• 1.

    Kim EM, Cho HJ, Cho CR, Kwak YG, Kim MY, Cho YK, 2010. Abdominal computed tomography findings of malaria infection with Plasmodium vivax. Am J Trop Med Hyg 83: 12021205.

    • Search Google Scholar
    • Export Citation
  • 2.

    Imbert P, Rapp C, Buffet P, 2009. Pathological rupture of the spleen in malaria: analysis of 55 cases (1958–2008). Travel Med Infect Dis 7: 147159.

    • Search Google Scholar
    • Export Citation
  • 3.

    McKenzie FE, Jeffery GM, Collins WE, 2002. Plasmodium vivax blood-stage dynamics. J Parasitol 88: 521535.

  • 4.

    Urban BC, Hien TT, Day NP, Phu NH, Roberts R, Pongponratn E, Jones M, Mai NT, Bethell D, Turner GD, Ferguson D, White NJ, Roberts D, 2005. Fatal Plasmodium falciparum malaria causes specific patterns of splenic architectural disorganization. Infect Immun 73: 19861994.

    • Search Google Scholar
    • Export Citation
  • 5.

    Buffet PA, Safeukui I, Deplaine G, Brousse V, Prendki V, Thellier M, Turner G, Mercereau-Puijalon O, 2011. The pathogenesis of Plasmodium falciparum malaria in humans: insights from spleen physiology. Blood 117: 381392.

    • Search Google Scholar
    • Export Citation
  • 6.

    Deplaine G, Safeukui I, Jeddi F, Lacoste F, Brousse V, Perrot S, Biligui S, Guillotte M, Guitton C, Dokmak S, Aussilhou B, Sauvanet A, Couvelard A, Paye F, Thellier M, Mazier D, Milon G, Mohandas N, Mercereau-Puijalon O, David PH, Buffet PA, 2011. The sensing of poorly deformable red blood cells by the human spleen can be mimicked in vitro. Blood 117: e8895.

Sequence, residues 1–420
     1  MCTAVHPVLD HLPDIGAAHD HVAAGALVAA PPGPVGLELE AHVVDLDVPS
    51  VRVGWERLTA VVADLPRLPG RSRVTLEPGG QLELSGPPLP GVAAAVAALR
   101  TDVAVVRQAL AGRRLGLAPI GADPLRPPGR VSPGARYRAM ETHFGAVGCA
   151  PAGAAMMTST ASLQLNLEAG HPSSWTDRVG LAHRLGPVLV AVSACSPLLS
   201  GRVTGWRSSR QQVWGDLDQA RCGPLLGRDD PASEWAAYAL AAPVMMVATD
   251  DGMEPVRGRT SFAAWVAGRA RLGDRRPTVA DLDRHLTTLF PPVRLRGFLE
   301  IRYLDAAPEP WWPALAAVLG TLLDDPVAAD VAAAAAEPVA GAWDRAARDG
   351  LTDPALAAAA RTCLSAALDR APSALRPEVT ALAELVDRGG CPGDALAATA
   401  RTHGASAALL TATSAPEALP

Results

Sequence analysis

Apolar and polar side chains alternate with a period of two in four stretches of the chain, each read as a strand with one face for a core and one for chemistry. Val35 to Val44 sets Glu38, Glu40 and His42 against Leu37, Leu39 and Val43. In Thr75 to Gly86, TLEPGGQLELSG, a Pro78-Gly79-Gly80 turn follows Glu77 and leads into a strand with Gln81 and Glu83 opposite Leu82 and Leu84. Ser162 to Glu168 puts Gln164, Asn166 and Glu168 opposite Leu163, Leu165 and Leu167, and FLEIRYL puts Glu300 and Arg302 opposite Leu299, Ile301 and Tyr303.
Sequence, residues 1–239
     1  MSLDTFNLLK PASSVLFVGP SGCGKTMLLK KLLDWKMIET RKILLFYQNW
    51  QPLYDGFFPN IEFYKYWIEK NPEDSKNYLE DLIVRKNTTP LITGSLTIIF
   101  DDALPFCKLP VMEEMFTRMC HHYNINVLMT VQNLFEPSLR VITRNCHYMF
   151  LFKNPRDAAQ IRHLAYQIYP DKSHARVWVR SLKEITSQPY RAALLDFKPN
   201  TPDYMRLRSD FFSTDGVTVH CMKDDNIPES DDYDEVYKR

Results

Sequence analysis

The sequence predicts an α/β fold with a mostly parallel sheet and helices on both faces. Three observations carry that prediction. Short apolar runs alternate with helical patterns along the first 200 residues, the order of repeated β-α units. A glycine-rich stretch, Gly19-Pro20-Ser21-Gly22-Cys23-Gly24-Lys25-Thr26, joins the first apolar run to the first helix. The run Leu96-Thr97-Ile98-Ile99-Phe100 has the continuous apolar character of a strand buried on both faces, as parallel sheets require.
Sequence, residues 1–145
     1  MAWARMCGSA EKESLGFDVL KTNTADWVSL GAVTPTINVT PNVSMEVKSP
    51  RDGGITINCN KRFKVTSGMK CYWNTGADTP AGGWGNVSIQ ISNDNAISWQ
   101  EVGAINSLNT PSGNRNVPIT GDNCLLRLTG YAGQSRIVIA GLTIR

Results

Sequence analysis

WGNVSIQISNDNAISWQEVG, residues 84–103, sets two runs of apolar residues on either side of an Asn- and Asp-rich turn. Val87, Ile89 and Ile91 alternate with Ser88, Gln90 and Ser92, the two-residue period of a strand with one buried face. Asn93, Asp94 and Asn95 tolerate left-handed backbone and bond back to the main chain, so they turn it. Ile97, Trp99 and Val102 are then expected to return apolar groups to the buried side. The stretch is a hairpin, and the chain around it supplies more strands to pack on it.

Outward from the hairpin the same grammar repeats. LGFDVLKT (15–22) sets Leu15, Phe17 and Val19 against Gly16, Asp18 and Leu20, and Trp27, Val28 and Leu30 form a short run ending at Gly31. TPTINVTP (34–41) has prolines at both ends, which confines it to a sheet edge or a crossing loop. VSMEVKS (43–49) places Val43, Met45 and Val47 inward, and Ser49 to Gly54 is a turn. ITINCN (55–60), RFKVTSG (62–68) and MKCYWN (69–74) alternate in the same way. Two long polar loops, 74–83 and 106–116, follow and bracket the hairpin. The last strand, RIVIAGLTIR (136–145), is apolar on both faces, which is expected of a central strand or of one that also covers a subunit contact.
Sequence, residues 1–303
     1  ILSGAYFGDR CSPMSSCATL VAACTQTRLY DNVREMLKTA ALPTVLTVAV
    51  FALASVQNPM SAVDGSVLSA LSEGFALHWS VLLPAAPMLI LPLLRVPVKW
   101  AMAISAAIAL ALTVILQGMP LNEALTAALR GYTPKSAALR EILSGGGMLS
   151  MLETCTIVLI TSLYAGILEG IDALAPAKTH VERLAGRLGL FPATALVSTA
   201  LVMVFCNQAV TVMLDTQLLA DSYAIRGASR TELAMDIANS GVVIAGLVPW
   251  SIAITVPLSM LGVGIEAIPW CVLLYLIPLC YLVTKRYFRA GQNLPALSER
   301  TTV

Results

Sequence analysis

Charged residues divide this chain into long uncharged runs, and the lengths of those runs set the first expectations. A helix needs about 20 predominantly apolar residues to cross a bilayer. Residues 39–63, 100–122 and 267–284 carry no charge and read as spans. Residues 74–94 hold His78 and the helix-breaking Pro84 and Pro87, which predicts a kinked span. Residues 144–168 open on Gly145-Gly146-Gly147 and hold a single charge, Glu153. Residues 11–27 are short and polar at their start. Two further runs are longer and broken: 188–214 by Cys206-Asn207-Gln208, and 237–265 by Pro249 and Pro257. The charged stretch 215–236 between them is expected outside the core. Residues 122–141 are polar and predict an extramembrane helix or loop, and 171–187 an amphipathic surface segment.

• Search Google Scholar
    • Export Citation
  • 7.

    Anstey NM, Russell B, Yeo TW, Price RN, 2009. The pathophysiology of vivax malaria. Trends Parasitol 25: 220227.

  • 8.

    Imbert P, Rapp C, Ficko C, Buffet P, 2010. Left upper quadrant abdominal pain in malaria: suspect pathological splenic rupture first. Trans R Trop Med Hyg 104: 628629.

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    • Export Citation
 
 

 

 

 

 

 

 

Abdominal Computed Tomography Scan: A Useful Diagnosis Tool for Early and Delayed Splenic Complications in Malaria

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  • 1 Service des Maladies Iinfectieuses et Tropicales
  • | 2 Hôpital d'Instruction des Armées Bégin
  • | 3 Saint-Mandé Cedex, France
  • | 4 E-mail: patrick.imbert@santarm.fr
  • | 5 Service des Maladies Infectieuses et Tropicales
  • | 6 Hôpital d'Instruction des Armées Bégin
  • | 7 Saint-Mandé Cedex, France
  • | 8 Service de Parasitologie Mycologie (Pr. Mazier), & UMR945, INSERM
  • | 9 Paris 6 University
  • | 10 Groupe Hospitalier Pitié-Salpêtrière
  • | 11 Paris Cedex, France
  • | 12 Service des Maladies Infectieuses et Tropicales
  • | 13 Hôpital d'Instruction des Armées Bégin
  • | 14 Saint-Mandé Cedex, France

Dear Sir:

We read with great interest the study on the abdominal computed tomography (CT) scan during acute vivax malaria in South Korea by Kim and others.1